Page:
Via allAfrica.com, an opinion piece in ThisDay: The Avoidable Import of Ebola From Liberia. Excerpt:
Nearly two weeks after a traumatic Ebola scare in Nigeria that has gotten everyone in the country agitated, it was discovered last week that the crisis could have been prevented if the relevant authorities had done their jobs.
The late Patrick Sawyer, who brought the disease to Nigeria, was said to be under surveillance in Liberia. He broke quarantine regulations to board the Asky Airline flight from Monrovia that brought him to the Murtala Muhammed International Airport in Lagos. At the airport in Monrovia and on the flight to Nigeria, the former consultant for the Liberian Ministry of Finance had, reportedly, felt terrible pain in his body and manifested clear signs of the Ebola disease.
Yet, he arrived Lagos on July 23, and was, allegedly, helped out of the plane by ECOWAS and airport officials before being rushed to First Consultant Medical Centre, Obalende, where he died two days later.
Sawyer, whose sister was also said to have died of the Ebola virus, was to attend an ECOWAS convention in Calabar. What has emerged from the whole saga is that Sawyer knew he was infected with Ebola and the airport authorities in Monrovia, who must have watched his "strange behaviour" at the airport in a country where Ebola infection was reaching epidemic proportions, also knew he could be manifesting symptoms of the disease.
The officials of Asky Airline, too, were in a position to suspect that Sawyer had the Ebola virus. But they were certainly too eager to drop him off in Nigeria to think of any precautionary measures.
Back home, the relevant airport authorities failed to take Sawyer through necessary checks to confirm the state of his health before allowing him to be taken to the hospital where he died. Had port health officials been deployed to conduct a screening on Sawyer when he came down from the aircraft with the signs of illness he was said to be manifesting, the country would have been saved the calamitous import from Liberia.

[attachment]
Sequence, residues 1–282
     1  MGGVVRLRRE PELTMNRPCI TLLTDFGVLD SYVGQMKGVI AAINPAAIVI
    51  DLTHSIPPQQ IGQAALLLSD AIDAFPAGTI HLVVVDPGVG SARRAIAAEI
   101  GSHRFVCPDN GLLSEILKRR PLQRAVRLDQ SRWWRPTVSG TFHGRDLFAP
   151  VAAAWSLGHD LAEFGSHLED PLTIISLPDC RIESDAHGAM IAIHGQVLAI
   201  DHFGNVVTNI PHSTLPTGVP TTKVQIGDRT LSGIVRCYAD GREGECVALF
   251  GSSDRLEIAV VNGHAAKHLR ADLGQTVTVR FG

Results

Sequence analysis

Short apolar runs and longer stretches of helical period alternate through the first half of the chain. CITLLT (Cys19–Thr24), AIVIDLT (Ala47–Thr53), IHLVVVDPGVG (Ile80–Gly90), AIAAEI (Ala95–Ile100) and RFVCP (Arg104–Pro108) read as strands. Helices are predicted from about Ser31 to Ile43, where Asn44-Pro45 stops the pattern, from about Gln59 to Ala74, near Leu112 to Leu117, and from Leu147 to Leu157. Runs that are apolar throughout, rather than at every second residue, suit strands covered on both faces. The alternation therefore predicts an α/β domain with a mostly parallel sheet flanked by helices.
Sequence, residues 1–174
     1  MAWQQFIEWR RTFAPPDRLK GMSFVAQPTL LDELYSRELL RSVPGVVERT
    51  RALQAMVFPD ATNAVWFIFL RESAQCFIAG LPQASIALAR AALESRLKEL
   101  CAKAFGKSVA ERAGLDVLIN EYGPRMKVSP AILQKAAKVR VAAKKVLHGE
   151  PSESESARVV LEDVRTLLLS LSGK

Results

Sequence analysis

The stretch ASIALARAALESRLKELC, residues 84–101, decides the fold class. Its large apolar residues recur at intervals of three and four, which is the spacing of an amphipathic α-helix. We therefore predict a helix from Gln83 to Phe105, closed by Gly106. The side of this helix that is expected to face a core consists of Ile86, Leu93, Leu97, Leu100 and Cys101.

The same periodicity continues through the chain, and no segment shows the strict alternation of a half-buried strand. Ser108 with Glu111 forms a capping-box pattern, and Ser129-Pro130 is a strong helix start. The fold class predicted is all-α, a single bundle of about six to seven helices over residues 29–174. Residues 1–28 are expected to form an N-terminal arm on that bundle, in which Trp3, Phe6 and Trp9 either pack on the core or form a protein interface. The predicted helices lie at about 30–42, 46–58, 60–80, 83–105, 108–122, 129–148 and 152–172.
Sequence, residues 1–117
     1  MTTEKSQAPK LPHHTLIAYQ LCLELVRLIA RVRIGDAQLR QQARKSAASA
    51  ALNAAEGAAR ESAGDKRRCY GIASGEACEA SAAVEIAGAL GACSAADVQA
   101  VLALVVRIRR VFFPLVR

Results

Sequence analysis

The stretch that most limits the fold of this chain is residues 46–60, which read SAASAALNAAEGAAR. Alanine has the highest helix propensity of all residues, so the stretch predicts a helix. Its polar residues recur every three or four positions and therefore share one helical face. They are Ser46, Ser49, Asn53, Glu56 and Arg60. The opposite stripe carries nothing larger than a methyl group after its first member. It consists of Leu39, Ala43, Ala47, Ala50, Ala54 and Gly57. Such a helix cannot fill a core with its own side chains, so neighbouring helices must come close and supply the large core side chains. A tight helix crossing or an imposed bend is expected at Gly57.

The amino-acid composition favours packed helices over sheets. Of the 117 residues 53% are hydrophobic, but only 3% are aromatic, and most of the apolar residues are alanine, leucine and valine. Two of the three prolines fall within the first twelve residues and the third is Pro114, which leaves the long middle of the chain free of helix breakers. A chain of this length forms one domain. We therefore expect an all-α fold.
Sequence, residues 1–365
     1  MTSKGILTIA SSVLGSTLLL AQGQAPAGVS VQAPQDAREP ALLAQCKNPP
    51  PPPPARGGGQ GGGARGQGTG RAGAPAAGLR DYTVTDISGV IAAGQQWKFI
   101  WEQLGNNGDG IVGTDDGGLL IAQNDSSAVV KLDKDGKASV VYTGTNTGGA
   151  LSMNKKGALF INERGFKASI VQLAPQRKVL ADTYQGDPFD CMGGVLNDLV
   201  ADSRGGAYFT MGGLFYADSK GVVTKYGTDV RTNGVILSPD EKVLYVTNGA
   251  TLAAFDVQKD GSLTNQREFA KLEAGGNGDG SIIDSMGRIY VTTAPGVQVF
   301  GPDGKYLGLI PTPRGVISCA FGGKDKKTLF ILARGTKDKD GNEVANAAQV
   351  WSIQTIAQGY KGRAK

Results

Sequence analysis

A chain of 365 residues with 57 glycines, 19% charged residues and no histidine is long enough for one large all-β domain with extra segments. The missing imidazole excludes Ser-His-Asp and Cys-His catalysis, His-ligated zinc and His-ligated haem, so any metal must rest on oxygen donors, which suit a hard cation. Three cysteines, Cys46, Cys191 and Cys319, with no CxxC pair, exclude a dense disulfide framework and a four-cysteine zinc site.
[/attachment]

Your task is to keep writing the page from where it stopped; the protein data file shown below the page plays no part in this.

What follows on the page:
The Nigerian Civil Aviation Authority (NCAA) has suspended all operations of Asky Airline in Nigeria, and it has started the screening of foreign passengers coming into the country for the Ebola virus. But these actions are coming too late, after the sorrowful consequences of negligence on the part of the Nigerian civil aviation authorities.
Of the seven persons who were said to have manifested Ebola symptoms following direct contact with Sawyer, from the airport in Lagos to the hospital, one - the nurse who treated him - has died. Several others who were equally involved in the chain of events between the airport and hospital are reported to be down with Ebola symptoms.
Minister of Health Professor Onyebuchi Chukwu described the occurrence of Ebola in Nigeria as a case of "viral terrorism." The actions of Sawyer, the Liberian airport authorities, Asky Airline, and the Nigerian civil aviation authorities show every indication of willful sabotage and unpardonable negligence.
But the federal and state governments in Nigeria also failed in their responsibility to enlighten the public about the disease in good time. Considering the fact that many foreign residents of countries within the West African sub-region, where Ebola has killed nearly 1,000 persons, are Nigerians, the Nigerian government ought to have embarked on early enlightenment measures to guard against the spread of the disease. But the government waited until the reports of fatalities before taking action.
We certainly seem to have enough evidence of negligence on the part of all concerned, but "wilful terrorism" is absurd. Patrick Sawyer was clearly not in his right mind, whether from extreme denial of his condition or from derangement owing to Ebola itself.